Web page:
in today’s difficult economy, where the values of real estate have fallen, this may hurt both parties.
Needless or protracted disputes over property will increase the time and the cost of divorce.
Retirement accounts, deferred compensation, and pensions are considered marital property for the period of the marriage.
They are not separate property. Sometimes the value of the retirement accounts of each party are
roughly equal, and hence each party waives any interest in the retirement of the other. Other times the
retirement account of one party is offset by the value of another asset that the other party is getting (such as one party
keeping a 401(k) or pension but the other party keeping the house).
a retirement account must be divided, a separate court order is prepared to accomplish this—known as a Qualified Domestic
Relations Order (QDRO) or in the case of a public pension or public retirement account, a Division of Property Order (DOPO).
(In Ohio this would include the Public Employees
Retirement System; the State Teachers Retirement System; the School Employees Retirement System; the Police and Fire Pension
Fund; the Highway Patrol Retirement System; and the University/College Alternative Retirement Plan.)
If it is a 401(k) or similar retirement plans, one-half of the value of the plan which was accrued
during the marriage will be transferred to a separate retirement account for the other spouse. In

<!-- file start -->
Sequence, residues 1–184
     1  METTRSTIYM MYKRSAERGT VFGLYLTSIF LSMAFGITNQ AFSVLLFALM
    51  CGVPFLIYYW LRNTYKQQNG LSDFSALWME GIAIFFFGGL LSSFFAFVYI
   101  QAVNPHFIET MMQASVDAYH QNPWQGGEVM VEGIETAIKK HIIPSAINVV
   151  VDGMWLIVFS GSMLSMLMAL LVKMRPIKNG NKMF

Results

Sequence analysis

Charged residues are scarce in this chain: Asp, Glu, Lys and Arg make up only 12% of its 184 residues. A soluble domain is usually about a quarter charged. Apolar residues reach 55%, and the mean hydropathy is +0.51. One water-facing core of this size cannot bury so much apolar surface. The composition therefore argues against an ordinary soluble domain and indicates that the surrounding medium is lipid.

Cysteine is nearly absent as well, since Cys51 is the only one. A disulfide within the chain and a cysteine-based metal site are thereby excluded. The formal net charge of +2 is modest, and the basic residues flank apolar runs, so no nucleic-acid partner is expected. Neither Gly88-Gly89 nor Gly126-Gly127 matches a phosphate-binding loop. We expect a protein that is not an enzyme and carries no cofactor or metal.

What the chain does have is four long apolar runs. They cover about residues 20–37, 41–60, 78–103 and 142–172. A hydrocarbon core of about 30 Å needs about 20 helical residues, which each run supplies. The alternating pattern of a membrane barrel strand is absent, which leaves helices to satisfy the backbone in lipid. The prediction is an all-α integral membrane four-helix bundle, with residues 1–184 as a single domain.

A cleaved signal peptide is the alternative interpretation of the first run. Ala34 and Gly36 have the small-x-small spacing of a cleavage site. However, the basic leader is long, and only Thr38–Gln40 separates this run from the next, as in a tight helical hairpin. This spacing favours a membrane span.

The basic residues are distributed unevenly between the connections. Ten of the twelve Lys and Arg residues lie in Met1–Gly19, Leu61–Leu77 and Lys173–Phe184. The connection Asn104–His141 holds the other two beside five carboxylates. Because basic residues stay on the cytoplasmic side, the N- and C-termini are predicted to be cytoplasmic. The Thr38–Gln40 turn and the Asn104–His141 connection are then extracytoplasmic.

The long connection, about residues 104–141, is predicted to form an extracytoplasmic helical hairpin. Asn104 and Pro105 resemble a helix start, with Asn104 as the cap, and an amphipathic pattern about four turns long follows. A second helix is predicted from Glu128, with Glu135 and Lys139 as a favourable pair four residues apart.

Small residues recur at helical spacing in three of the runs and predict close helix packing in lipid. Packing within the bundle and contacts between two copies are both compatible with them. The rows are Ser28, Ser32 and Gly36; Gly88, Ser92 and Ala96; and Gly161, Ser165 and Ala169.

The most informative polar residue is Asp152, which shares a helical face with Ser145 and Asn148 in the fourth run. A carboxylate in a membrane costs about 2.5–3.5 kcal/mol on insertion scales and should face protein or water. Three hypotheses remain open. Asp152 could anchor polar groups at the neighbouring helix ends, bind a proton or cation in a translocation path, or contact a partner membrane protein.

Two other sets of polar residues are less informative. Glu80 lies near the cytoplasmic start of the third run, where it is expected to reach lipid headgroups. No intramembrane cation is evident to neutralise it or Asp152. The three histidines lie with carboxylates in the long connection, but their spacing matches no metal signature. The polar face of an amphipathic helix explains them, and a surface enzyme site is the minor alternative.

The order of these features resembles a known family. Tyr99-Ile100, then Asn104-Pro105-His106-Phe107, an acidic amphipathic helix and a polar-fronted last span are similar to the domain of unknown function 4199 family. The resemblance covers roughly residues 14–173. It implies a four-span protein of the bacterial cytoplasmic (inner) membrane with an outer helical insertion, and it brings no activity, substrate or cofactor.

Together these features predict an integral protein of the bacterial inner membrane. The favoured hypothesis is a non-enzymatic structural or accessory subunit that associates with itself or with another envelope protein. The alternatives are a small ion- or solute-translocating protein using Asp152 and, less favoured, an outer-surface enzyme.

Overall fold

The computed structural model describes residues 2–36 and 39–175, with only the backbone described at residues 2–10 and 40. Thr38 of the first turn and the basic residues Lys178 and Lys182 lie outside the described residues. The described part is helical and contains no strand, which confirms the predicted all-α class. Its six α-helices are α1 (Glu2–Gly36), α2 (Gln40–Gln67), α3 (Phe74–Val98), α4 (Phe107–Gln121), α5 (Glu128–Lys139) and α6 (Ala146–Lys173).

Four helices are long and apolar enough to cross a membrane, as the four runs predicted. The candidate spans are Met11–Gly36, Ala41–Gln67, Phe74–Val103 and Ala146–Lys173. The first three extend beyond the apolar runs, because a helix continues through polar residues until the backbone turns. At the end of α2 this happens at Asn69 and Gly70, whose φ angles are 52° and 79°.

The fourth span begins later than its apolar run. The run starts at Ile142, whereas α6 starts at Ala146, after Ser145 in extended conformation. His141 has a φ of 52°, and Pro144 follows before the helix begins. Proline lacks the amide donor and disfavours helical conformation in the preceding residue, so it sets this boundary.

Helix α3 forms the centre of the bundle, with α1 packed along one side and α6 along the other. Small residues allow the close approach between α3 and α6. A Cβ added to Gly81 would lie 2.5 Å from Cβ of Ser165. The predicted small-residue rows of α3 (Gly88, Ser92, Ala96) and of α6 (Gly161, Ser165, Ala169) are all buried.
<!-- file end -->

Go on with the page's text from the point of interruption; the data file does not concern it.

the case of a pension, one half times the years of the marriage will be credited to the spouse. For example,
if there has been a 10 year marriage and the working party eventually retires with 20 years of service, the other spouse would
get one-fourth of the value of the pension when it is paid out.
There are some items which are not considered marital property but “separate property” and are not subject
to division but are separately the property of one spouse. Here is what is considered to be separate property:
* An inheritance
to one spouse.
* Real estate or personal property that was acquired by one spouse prior to the date of the marriage.
* Any real estate or personal property that is excluded by a valid prenuptial agreement.
* Compensation to a spouse
for the spouse’s personal injury, except for loss of marital earnings and compensation for expenses paid from marital
* A gift of real estate or personal property that is made after the date of the marriage and that is proven by
clear and convincing evidence to have been given to only one spouse.
though real estate was brought into the marriage by one party and is their “separate property”, perhaps the other
party has financially contributed to that property or has improved the property through their labor. The
appreciation in the value of the property as a result of this financial contribution or labor can be considered in the division
to be made in the divorce.
The commingling of
separate property with other property of any type does not destroy the identity of the separate property as separate property,
except when the separate property is not traceable.